Sharing information with children conceived using in vitro fertilisation: the effect of parents’ privacy orientation

M. A. Rueter, J. J. Connor, L. Pasch, K. N. Anderson, J. E. Scheib, A. F. Koerner, M. Damario

Research output: Contribution to journalArticle

Abstract

Objective: To examine the moderating effect of parents’ approach to sharing information with children on the outcomes of information-sharing about in vitro fertilisation (IVF) conception. Background: Mental health professionals encourage parents to share information about IVF conception with their children, but limited research is available on associations among information-sharing, parent–child relationship quality and child adjustment. Predictions based on Communication Privacy Management Theory suggest that how parents share private information with children will moderate the association between sharing information about a child’s IVF conception and parent–child relationship quality and indirectly affect child adjustment. Method: Study hypotheses were tested using a sample of 175 families with 246 6- to 12-year-old children conceived using IVF. Path models hypothesised associations among information-sharing, parent privacy orientation, parent–child relationship satisfaction and child behavioural and emotional adjustment. Results: The results supported the proposed process. Among parents with an ‘open’ privacy orientation, IVF information-sharing with children positively related to parent–child relationship quality (r = .19, p = .03). This association was negative when parents had a ‘restricted’ privacy orientation (r = –.34, p = .01). In turn, relationship quality affected child adjustment. Conclusion: Children conceived using IVF report wanting to know about their conception method and infertility counsellors often recommend information-sharing. These findings support the need to better understand IVF information-sharing processes, and parents who favour a ‘restricted’ privacy orientation may require additional support to promote open communication with children about their IVF conception.

Original languageEnglish (US)
JournalJournal of Reproductive and Infant Psychology
DOIs
StateAccepted/In press - Sep 3 2015

Fingerprint

Information Dissemination
Privacy
Fertilization in Vitro
Parent-Child Relations
Social Adjustment
Communication
Infertility
Counseling
Mental Health

Keywords

  • Assisted reproduction
  • infertility
  • psychosocial factors
  • social interaction

ASJC Scopus subject areas

  • Psychology(all)
  • Reproductive Medicine
  • Obstetrics and Gynecology
  • Pediatrics, Perinatology, and Child Health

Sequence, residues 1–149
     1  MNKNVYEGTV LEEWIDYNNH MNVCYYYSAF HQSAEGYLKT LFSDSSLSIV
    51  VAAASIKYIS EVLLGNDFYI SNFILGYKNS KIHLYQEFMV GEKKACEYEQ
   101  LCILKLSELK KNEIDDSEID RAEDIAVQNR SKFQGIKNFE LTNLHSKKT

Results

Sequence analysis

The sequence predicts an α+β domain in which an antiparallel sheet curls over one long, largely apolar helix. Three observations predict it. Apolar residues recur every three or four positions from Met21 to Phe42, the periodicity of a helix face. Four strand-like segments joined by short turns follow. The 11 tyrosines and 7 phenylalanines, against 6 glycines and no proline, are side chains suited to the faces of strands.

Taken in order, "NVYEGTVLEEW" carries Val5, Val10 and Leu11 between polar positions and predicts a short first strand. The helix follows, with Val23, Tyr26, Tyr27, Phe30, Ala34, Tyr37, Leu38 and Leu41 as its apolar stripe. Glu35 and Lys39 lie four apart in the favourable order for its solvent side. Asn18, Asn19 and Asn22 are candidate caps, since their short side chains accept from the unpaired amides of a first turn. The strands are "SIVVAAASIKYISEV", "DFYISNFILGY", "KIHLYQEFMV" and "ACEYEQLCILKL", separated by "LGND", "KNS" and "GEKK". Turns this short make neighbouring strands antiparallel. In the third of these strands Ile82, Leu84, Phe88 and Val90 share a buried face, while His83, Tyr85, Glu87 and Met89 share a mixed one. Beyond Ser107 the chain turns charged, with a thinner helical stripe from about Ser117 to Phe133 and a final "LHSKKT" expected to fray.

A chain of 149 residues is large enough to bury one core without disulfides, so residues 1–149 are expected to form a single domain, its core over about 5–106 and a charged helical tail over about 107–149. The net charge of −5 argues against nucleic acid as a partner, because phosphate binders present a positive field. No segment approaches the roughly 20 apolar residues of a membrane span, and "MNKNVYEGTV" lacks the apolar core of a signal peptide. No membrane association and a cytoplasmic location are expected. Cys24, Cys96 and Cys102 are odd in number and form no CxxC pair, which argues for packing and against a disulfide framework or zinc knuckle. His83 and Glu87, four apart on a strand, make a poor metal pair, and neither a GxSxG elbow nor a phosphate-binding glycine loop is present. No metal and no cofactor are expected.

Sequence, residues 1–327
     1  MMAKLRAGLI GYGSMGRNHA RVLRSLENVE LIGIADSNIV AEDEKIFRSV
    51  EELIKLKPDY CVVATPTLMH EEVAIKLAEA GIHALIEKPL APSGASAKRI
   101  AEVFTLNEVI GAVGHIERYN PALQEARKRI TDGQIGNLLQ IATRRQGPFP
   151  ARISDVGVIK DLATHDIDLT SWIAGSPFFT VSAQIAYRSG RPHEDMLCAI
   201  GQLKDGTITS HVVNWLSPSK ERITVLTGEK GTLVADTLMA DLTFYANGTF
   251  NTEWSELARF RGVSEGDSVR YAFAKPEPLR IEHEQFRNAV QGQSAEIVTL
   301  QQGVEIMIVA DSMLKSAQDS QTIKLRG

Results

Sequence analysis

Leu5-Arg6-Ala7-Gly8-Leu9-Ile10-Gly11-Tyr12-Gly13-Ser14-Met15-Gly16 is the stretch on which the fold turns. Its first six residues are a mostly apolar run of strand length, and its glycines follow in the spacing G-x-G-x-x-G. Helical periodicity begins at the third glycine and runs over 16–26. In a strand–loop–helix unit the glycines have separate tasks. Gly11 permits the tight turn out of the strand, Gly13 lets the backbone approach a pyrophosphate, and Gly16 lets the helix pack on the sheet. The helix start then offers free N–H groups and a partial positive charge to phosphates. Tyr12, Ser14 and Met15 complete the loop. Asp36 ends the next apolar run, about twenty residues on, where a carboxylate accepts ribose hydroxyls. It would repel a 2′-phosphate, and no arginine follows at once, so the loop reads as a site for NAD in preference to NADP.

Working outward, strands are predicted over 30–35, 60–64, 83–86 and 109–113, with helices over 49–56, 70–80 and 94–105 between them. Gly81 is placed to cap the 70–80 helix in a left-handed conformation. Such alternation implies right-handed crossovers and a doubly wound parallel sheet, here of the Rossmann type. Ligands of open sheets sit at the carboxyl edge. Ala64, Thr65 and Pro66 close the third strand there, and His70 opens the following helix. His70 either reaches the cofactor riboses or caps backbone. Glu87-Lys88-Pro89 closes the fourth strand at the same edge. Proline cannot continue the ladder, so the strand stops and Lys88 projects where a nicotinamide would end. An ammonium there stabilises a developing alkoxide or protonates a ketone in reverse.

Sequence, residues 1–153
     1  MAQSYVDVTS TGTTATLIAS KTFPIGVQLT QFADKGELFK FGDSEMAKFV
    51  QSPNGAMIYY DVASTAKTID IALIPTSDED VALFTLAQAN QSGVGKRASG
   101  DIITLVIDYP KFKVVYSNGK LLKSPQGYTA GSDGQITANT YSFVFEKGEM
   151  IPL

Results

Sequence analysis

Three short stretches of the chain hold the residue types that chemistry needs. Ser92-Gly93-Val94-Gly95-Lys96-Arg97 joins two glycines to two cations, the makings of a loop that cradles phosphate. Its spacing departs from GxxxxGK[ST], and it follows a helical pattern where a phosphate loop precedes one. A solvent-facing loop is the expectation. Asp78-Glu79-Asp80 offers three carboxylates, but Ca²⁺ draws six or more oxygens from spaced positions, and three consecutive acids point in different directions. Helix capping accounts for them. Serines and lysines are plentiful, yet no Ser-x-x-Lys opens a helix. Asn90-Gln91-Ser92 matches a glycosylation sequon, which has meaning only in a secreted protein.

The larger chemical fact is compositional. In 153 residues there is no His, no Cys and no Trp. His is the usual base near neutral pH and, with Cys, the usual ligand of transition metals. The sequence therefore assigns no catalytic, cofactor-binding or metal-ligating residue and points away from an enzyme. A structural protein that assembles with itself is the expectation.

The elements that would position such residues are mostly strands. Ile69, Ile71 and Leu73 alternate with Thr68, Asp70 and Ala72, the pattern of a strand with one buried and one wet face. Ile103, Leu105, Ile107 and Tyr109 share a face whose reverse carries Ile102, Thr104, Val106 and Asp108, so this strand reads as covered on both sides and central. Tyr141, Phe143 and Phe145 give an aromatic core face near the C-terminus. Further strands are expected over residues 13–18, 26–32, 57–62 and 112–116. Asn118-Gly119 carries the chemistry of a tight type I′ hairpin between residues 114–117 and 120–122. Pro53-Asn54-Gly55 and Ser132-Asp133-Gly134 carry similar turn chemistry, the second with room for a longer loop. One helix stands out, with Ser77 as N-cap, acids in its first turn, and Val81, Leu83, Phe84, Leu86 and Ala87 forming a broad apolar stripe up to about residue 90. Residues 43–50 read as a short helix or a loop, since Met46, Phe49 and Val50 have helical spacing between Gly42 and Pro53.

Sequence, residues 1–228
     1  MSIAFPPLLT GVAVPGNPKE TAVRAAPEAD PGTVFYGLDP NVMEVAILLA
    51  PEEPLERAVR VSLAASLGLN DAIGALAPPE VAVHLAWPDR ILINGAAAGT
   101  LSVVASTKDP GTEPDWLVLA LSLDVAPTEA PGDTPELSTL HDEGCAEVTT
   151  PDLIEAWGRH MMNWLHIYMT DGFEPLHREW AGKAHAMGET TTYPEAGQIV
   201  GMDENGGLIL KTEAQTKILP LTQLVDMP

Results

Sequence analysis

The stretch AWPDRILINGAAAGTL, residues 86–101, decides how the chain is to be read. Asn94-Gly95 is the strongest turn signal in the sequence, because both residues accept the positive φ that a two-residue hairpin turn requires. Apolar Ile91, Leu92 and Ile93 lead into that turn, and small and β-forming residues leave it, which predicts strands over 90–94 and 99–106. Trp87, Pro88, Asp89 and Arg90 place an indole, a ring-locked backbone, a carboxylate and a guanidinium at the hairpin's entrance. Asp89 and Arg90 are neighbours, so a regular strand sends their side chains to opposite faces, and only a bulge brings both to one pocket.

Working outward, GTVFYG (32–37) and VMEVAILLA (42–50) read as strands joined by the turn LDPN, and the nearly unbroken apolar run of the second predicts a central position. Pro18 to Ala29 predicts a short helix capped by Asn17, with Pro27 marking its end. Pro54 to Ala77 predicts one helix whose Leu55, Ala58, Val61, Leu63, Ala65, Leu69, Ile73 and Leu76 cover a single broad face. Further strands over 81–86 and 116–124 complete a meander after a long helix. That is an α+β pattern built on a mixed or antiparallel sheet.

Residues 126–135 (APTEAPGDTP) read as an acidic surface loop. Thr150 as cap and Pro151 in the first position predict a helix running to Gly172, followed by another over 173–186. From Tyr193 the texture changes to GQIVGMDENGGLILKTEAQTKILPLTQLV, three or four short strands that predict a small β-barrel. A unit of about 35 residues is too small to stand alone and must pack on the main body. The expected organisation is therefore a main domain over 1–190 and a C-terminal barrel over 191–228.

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Sharing information with children conceived using in vitro fertilisation : the effect of parents’ privacy orientation. / Rueter, M. A.; Connor, J. J.; Pasch, L.; Anderson, K. N.; Scheib, J. E.; Koerner, A. F.; Damario, M.

In: Journal of Reproductive and Infant Psychology, 03.09.2015.

Research output: Contribution to journalArticle

Rueter, M. A.; Connor, J. J.; Pasch, L.; Anderson, K. N.; Scheib, J. E.; Koerner, A. F.; Damario, M. / Sharing information with children conceived using in vitro fertilisation : the effect of parents’ privacy orientation.

In: Journal of Reproductive and Infant Psychology, 03.09.2015.

Research output: Contribution to journalArticle

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abstract = "Objective: To examine the moderating effect of parents’ approach to sharing information with children on the outcomes of information-sharing about in vitro fertilisation (IVF) conception. Background: Mental health professionals encourage parents to share information about IVF conception with their children, but limited research is available on associations among information-sharing, parent–child relationship quality and child adjustment. Predictions based on Communication Privacy Management Theory suggest that how parents share private information with children will moderate the association between sharing information about a child’s IVF conception and parent–child relationship quality and indirectly affect child adjustment. Method: Study hypotheses were tested using a sample of 175 families with 246 6- to 12-year-old children conceived using IVF. Path models hypothesised associations among information-sharing, parent privacy orientation, parent–child relationship satisfaction and child behavioural and emotional adjustment. Results: The results supported the proposed process. Among parents with an ‘open’ privacy orientation, IVF information-sharing with children positively related to parent–child relationship quality (r = .19, p = .03). This association was negative when parents had a ‘restricted’ privacy orientation (r = –.34, p = .01). In turn, relationship quality affected child adjustment. Conclusion: Children conceived using IVF report wanting to know about their conception method and infertility counsellors often recommend information-sharing. These findings support the need to better understand IVF information-sharing processes, and parents who favour a ‘restricted’ privacy orientation may require additional support to promote open communication with children about their IVF conception.",
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